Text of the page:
Balance of power in House may hinge on state races
The balance of power in Congress will hinge partly on the outcome of California’s demolition-derby elections this year, with new voting districts and Tuesday’s “top-two” state primary attracting Washington’s attention and money.
An array of congressional races here is critical to the Democratic Party’s effort to regain control of the House. Party leaders hope the state will give them six of the 25 additional seats they need to wrest away the majority won by Republicans in 2010.
Feeding the Democrats’ optimism is the party’s 13 percentage point advantage in state voter registration and the absence of a top-ticket race to energize conservatives in November -- when both President Obama and Sen. Dianne Feinstein are expected to win handily here.
“The road to a Democratic majority in Congress runs right through California,” is the mantra repeatedly uttered by Rep. Steve Israel (D-N.Y.), the Democratic Congressional Campaign Committee chairman.
Israel predicts the party will pick up seats in the Inland Empire and Central Valley, areas once considered Republican havens. He also expects Democrats to receive strong backing from independent expenditure committees, unlike in 2010 when Republicans were the prime beneficiaries of outside spending. “Super PACs” and other outside groups already have poured more than $4.2 million into California congressional races overall.
Unlike presidential and U.S. Senate races, contests for congressional seats tend to be steeped in local politics and hometown alliances, swayed more by yard signs than by television advertising. On that level, Republican leaders are confident their candidates will do well in California -- and keep the GOP in control of the House.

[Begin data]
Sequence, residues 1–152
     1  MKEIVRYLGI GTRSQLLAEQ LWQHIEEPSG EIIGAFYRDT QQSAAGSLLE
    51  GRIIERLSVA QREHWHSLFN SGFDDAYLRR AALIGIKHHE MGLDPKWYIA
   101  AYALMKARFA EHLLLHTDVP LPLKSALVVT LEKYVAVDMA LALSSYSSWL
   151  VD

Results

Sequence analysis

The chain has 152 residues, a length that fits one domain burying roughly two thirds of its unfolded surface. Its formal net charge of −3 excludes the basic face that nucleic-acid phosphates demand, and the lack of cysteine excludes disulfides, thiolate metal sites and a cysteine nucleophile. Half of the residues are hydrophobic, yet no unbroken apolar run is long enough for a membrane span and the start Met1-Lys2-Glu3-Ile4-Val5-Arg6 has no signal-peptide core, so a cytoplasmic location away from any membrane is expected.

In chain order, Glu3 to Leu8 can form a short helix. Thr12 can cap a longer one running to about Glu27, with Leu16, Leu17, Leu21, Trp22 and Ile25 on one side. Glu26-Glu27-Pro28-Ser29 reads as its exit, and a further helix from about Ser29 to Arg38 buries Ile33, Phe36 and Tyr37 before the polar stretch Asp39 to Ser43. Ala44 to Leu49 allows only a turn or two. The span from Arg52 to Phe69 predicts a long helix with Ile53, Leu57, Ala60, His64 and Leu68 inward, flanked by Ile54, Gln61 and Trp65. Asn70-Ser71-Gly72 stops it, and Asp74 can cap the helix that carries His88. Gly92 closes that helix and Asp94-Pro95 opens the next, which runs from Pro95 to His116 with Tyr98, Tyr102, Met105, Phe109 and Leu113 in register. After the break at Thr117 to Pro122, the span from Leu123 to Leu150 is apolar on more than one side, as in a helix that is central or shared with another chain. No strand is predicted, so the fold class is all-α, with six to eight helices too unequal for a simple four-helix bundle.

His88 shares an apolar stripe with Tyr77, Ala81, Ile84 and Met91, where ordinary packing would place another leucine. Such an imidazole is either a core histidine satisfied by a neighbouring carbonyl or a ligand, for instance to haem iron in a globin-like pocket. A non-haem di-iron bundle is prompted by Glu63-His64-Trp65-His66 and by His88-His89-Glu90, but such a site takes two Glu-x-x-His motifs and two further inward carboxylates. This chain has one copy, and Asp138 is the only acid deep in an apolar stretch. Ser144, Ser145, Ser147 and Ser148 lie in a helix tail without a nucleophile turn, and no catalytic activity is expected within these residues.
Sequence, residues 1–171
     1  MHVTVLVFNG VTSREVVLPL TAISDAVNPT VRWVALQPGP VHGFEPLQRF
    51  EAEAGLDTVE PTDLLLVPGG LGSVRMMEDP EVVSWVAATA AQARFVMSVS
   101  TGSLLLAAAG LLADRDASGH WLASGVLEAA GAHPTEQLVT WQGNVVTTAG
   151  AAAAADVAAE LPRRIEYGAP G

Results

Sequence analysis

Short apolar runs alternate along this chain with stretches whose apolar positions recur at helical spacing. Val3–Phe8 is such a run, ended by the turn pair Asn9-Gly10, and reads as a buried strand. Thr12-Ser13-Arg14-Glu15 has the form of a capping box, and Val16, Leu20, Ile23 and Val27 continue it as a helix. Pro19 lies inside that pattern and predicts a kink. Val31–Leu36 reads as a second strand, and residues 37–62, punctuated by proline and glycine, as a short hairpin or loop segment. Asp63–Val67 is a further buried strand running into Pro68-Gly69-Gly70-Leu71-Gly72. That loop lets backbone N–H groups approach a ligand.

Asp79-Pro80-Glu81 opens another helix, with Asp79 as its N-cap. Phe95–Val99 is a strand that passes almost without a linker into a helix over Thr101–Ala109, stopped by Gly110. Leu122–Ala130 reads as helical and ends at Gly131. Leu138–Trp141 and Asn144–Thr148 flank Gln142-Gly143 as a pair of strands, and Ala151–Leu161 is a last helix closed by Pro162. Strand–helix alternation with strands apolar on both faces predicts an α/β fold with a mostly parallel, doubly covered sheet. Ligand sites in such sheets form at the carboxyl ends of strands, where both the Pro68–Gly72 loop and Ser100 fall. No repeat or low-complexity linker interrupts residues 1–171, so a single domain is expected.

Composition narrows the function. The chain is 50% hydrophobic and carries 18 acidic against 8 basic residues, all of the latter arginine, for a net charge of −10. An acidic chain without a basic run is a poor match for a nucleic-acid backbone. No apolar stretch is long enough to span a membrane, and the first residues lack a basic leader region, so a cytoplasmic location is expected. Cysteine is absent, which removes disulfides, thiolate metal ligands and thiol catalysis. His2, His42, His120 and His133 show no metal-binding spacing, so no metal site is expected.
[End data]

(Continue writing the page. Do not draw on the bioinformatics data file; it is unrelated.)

Rep. Kevin McCarthy (R-Bakersfield) said that for many of the competitive races, the GOP recruited candidates with deep local roots who would appeal to moderate Democrats and independents as well as members of their own party. Those include Long Beach Councilman Gary DeLong, whose opponents include Democratic state Sen. Alan Lowenthal, also of Long Beach, in a crowded race.
McCarthy said the party is confident that Republican John Tavaglione, who has been elected to the nonpartisan Riverside County Board of Supervisors five times, also will do well against his toughest Democratic challenger, Mark Takano, a teacher and Riverside Community College trustee, despite the Democrats’ slight edge in voter registration.
“Our candidates can reach across the aisle. Not all of them. But in these competitive seats they can,” said McCarthy, a top member of the House Republican leadership.
McCarthy almost gleefully noted that the race attracting the most Democratic money so far is the slugfest between Democratic incumbents Howard Berman and Brad Sherman in the San Fernando Valley.